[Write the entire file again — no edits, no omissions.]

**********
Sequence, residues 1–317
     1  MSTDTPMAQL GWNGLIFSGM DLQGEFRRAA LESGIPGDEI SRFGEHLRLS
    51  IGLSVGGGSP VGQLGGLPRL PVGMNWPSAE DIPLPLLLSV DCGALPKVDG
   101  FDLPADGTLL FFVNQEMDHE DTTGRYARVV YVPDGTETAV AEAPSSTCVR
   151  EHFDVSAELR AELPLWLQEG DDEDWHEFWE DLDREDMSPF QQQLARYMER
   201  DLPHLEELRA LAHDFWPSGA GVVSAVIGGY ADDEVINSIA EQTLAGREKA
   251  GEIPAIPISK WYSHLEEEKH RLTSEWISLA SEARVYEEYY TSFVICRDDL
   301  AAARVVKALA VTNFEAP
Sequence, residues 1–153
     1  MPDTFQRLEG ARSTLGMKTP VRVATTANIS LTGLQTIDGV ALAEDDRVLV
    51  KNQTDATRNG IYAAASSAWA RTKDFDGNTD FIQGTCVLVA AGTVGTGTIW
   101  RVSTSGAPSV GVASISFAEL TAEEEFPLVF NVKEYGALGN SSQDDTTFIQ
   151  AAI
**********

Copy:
Sequence, residues 1–317
     1  MSTDTPMAQL GWNGLIFSGM DLQGEFRRAA LESGIPGDEI SRFGEHLRLS
    51  IGLSVGGGSP VGQLGGLPRL PVGMNWPSAE DIPLPLLLSV DCGALPKVDG
   101  FDLPADGTLL FFVNQEMDHE DTTGRYARVV YVPDGTETAV AEAPSSTCVR
   151  EHFDVSAELR AELPLWLQEG DDEDWHEFWE DLDREDMSPF QQQLARYMER
   201  DLPHLEELRA LAHDFWPSGA GVVSAVIGGY ADDEVINSIA EQTLAGREKA
   251  GEIPAIPISK WYSHLEEEKH RLTSEWISLA SEARVYEEYY TSFVICRDDL
   301  AAARVVKALA VTNFEAP
Sequence, residues 1–153
     1  MPDTFQRLEG ARSTLGMKTP VRVATTANIS LTGLQTIDGV ALAEDDRVLV
    51  KNQTDATRNG IYAAASSAWA RTKDFDGNTD FIQGTCVLVA AGTVGTGTIW
   101  RVSTSGAPSV GVASISFAEL TAEEEFPLVF NVKEYGALGN SSQDDTTFIQ
   151  AAI